Some 30 kilometers from Bangui, the town of Burgos cradles the majestic rock formations of Kapurpurawan. If you usually equate Philippine tourism with white sand beaches and swaying palm trees, think again. This is a different kind of white. And a different kind of beautiful.
Kapurpurawan, which comes from the Ilocano word “puraw” meaning “white”, can be easily reached from the national highway. From there, it is a short but bumpy ride on a sloping dirt road.
It was so uncomfortable inside the cramped tricycle and we got all sweaty from the ride. But all of that was forgotten as soon as we sighted Kapurpurawan. These rocks…well, they rock!! \m/ Sorry for the stupid pun but nothing could have prepared me for the beauty in front of me.
To my left is the raging West Philippine Sea, crashing endlessly against the rocky shore. To the right are the gigantic rocks that have been beautifully hewn into their current shapes by Mother Nature herself.
From this side, I think the rocks form what seemed to me as…the Sphinx! Then there is a sort of a pyramid behind it.
Before we got to the rocks, we had to walk along a rocky, moon-like landscape covered with small water-filled pools. Judging by the amount of vegetation flourishing and the number of sea creatures swimming about, this area is most probably submerged during high tide.
Parts of the rocks are still covered with dark layers of soil and vegetation. The sides facing the sea had their top layers eroded by water and wind, exposing soft waves of creamy white.
It was due to these white layers that made the short trek to the other side a little difficult as it can get slippery. For the most part, I had to hold on to the cliff walls and ended up with chalk-like white dust on my hands and clothes.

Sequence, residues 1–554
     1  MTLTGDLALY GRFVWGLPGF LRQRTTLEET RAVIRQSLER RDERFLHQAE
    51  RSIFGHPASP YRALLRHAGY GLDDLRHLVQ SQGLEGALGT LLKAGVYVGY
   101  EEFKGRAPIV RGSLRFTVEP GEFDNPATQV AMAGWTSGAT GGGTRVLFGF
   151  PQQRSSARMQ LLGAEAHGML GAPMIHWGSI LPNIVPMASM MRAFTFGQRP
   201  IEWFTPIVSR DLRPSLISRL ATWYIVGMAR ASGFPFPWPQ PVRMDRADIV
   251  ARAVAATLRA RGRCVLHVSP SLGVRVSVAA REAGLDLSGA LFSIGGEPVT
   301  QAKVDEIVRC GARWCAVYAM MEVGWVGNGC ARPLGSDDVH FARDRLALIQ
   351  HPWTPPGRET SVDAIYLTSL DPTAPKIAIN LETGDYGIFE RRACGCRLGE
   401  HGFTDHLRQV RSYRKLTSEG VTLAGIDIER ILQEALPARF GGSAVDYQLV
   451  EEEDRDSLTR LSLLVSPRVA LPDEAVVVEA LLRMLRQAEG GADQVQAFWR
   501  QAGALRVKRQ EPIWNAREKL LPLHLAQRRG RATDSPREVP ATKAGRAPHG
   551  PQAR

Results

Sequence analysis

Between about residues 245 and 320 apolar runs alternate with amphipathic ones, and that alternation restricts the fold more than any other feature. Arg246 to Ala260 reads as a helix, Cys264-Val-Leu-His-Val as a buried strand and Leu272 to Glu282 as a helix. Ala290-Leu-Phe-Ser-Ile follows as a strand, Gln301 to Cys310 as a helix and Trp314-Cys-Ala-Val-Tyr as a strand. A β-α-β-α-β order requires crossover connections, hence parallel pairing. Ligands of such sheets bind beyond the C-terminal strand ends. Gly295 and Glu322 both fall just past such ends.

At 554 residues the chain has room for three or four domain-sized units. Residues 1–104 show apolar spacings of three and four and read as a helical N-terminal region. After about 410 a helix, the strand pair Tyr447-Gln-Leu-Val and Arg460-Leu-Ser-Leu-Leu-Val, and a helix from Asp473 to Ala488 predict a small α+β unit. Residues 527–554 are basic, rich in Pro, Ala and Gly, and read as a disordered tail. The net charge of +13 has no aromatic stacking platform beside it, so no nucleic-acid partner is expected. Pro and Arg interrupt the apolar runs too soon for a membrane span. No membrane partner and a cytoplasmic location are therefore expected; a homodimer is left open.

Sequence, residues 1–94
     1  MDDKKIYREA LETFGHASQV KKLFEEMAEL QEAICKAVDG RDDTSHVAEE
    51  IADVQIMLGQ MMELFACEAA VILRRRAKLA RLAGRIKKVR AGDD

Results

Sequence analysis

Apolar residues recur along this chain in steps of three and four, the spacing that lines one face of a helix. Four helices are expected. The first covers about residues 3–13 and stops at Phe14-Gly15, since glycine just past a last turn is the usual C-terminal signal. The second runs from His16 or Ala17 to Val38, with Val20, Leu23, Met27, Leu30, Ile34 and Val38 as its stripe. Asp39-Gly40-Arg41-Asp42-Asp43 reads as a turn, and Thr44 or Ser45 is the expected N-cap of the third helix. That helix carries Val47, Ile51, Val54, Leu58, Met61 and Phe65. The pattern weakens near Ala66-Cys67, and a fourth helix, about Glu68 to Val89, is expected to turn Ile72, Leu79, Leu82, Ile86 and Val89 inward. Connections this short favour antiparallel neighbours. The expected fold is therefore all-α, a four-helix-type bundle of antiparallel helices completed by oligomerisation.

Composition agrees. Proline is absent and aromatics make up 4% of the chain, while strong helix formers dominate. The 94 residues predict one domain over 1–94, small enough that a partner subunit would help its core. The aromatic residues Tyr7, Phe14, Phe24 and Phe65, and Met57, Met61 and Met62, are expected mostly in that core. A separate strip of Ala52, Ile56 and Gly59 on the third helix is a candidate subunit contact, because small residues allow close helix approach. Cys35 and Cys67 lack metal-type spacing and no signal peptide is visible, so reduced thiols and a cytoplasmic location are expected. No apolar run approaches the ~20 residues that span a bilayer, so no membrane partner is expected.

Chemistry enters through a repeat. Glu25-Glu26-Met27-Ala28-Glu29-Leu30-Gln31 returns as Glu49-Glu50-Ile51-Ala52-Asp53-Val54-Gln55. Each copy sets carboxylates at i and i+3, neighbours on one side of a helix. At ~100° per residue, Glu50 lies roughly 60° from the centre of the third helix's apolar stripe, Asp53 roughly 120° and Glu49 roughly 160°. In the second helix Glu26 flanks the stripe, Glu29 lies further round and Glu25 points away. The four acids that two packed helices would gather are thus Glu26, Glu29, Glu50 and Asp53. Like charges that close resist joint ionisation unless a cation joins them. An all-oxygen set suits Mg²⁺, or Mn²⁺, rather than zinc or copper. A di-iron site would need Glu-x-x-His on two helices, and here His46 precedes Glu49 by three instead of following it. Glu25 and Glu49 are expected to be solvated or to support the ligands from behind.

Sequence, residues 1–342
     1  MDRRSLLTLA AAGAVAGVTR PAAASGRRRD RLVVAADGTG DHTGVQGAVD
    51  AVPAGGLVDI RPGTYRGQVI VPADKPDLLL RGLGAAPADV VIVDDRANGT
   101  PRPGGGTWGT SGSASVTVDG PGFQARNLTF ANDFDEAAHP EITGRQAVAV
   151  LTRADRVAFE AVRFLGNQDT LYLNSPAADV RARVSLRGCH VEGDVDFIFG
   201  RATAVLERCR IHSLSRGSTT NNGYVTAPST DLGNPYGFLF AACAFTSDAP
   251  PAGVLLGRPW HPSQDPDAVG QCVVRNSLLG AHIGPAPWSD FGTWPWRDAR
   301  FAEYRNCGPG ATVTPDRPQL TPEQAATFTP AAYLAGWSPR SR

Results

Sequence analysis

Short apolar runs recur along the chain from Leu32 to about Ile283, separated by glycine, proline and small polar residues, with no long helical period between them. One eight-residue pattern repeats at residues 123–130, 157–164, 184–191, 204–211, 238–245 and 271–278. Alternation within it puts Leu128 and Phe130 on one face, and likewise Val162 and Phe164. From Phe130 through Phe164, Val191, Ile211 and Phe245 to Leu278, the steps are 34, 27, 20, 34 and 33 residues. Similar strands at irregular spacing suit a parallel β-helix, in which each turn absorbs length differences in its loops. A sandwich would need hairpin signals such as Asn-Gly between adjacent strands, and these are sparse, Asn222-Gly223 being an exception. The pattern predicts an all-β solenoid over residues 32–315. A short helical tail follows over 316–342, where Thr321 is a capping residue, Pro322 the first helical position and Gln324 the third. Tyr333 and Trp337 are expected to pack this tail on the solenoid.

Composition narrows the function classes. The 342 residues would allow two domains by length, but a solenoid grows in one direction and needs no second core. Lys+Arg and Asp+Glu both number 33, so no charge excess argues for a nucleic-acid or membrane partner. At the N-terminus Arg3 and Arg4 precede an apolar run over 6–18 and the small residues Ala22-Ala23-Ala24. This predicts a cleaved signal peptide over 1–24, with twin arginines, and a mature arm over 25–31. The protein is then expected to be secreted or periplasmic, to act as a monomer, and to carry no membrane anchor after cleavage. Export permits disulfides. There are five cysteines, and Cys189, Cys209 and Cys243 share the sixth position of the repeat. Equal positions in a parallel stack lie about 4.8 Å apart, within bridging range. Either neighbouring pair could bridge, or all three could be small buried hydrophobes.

From this side, the head of the Sphinx now looks like a snake head.
Also from this side, the view is even more breathtaking as we were higher up.
Manong Vincent pointed to us a group of men and a bulldozer and other heavy construction equipment in the vicinity. According to him, they are making a boardwalk for visitors. I thought it is a great idea. Tourists can still enjoy the view of the rocks and the sea, while doing away with the unnecessary erosion caused by hundreds of human feet. No need to accelerate the erosion process — let Mother Nature do the art herself.
This is part of the Pagudpud Southbound Tour, which includes the following:
- Kapurpurawan Rock Formations
- Cape Bojeador Lighthouse
- Bangui Windmills
The tour costs P600 (for a maximum of 3 people). To book a tour with our friendly driver, Manong Vincent (tricycle #166), call or text 0921-983-6637 or 0926-273-5210.To book a tour with our friendly driver, Manong Vincent (tricycle #166), call or text 0921-983-6637 or 0926-273-5210.